Knight Foundation Maps Civic Businesses & Investments, Seeks Feedback

Knight-Foundation-logoOur interest was piqued recently by a report released by the Knight Foundation presenting the first mapping of “civic tech” businesses and investments here in the United States. We know that many NCDD members work in or are interested in the high-tech end of public engagement, so we wanted to share some snippets from a great article about the report that we found on the tech blog, GigaOm (you can find the original article here), and to let you know that you have a chance to give your feedback on the report.

So what is “civic tech”, you might ask? Well, it’s not so hard to understand:

Jon Sotsky, the foundation’s director, described civic tech as “technology that’s spurring civic engagement, improving cities and making government more effective.” The field includes a range of private and public organizations, from groups the Knight Foundation and its data analytics and visualization partner Quid designate as “P2P local sharing” (Airbnb) to “community organizing” ( to “data access and transparency” (Open Data Institute).

And as many of us know, civic tech has been on the rise in recent years, taking on different shapes and being used in many different ways. It is a growing sector, which is why the Knight Foundation set out to map it in the first place:

You might not have heard of “civic tech,” but chances are it has affected your community and its influence will only increase over time. According to a Knight Foundation report released today — the first to track civic tech businesses and investments — the sector has raised $430 million in investments in the past two years and civic tech company launches are increasing 24 percent annually.

The report generated quite a bit of interesting data, and that’s why it came along with a nifty visualization tool:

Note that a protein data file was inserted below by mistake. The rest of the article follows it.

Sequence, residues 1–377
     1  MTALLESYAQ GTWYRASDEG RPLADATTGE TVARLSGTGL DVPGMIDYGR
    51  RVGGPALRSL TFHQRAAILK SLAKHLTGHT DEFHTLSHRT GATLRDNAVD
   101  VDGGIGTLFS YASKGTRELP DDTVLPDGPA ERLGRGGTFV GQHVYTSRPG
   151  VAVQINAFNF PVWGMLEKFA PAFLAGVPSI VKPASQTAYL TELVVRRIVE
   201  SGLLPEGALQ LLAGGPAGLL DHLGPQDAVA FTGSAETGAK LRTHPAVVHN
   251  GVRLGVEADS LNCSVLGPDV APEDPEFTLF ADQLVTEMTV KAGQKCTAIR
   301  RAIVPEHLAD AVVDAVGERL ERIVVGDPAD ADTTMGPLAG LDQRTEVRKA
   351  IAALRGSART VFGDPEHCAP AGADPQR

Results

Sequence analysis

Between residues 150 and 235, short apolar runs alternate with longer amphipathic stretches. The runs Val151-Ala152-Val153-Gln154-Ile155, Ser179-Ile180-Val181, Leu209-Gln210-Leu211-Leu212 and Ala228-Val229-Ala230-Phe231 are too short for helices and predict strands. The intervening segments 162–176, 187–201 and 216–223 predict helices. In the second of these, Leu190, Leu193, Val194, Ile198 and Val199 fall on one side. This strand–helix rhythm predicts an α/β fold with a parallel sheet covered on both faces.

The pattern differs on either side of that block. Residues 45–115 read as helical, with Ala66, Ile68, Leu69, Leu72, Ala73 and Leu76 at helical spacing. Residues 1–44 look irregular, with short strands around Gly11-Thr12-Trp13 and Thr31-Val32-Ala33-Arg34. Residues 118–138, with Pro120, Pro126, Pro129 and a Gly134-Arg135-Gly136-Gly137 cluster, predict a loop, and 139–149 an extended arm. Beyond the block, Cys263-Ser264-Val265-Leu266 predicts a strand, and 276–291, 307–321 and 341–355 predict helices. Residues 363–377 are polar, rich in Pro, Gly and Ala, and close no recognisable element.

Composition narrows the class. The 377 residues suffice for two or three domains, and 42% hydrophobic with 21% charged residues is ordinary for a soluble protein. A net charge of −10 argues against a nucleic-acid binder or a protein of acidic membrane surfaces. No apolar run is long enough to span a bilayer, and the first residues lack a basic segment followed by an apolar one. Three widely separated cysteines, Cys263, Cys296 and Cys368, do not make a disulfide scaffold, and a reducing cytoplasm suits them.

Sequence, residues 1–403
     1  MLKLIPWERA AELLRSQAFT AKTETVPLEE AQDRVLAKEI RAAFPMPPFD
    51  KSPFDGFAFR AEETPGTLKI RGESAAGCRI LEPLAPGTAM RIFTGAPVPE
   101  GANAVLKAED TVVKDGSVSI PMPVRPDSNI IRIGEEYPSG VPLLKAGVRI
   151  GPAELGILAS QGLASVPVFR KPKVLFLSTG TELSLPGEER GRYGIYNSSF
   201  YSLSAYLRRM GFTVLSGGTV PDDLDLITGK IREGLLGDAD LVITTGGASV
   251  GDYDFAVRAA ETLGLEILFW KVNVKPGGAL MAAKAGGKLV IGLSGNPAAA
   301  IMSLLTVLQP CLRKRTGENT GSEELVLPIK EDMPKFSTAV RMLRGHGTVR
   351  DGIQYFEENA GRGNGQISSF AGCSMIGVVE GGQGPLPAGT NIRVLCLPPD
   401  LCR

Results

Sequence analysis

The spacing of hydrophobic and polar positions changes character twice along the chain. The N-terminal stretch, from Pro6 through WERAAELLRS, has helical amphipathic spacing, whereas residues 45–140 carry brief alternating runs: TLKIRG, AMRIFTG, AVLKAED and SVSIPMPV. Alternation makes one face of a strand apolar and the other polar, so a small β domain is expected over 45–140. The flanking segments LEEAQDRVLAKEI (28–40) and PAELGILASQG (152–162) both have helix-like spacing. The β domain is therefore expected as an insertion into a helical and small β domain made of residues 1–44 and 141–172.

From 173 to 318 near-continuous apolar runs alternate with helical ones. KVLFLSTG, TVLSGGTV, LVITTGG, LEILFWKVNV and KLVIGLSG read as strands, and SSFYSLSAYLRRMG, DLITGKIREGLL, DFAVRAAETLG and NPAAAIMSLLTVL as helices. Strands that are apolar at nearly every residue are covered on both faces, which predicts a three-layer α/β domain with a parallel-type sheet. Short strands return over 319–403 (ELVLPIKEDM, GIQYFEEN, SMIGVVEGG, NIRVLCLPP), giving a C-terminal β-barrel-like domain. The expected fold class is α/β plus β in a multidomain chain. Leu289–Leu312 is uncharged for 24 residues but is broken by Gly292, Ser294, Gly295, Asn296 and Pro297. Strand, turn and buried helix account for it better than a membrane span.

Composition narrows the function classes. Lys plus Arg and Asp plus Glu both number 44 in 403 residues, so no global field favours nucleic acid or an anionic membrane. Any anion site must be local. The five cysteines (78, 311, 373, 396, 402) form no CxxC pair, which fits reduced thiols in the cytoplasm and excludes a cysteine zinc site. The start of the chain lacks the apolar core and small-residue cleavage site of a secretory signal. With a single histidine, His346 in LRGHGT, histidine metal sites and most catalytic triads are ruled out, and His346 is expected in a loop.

Users can explore civic tech through a bubble treemap data visualization, sorting by themes, communities and companies. Investments are color-coded as either private investments or public grants and the size of the bubbles depends on the size of investments. As you explore each section, you can see the investment types and amounts as well as several other data points, all of which can be downloaded as an Excel spreadsheet.

Visualizations of this type can be crowded by the number of nodes they include, but the Knight Foundation does a good job showing the structure of the civic tech field as a whole. Indeed, the Knight Foundation, a nonprofit geared at benefiting media and the arts, is using the information to make its own investment decisions. The intention is that everyone can get a better view of the field, including new startups trying to find their way in the space.

We agree that it is important for all of us to gain a better understanding of this emerging field, so we highly encourage you to check out the Knight Foundation’s report and the visualization tool. But we especially wanted NCDD members to know that the Knight Foundation is looking for feedback on civic tech initiatives or funders that they may have missed in their report:

As with any sector that is measured for the first time, Sotsky admits it is incomplete, which is why they’ve included feedback links for people to add missing civic tech businesses and investments. The intention of the list is to “get a conversation started” so that next year’s civic tech data directory will be more robust.

So if you are connected with a civic tech initiative, funder, or group that you don’t see in the report, you’re invited to email Knight Foundation director Jon Sotsky at [email protected] with suggestions of what may have been missing from this year’s report. We hope that next year’s report will be bigger, better, and more informed by the NCDD community of practitioners!

Original GigaOm post:

Original post

Leave a Comment

Leave a comment

Leave a Reply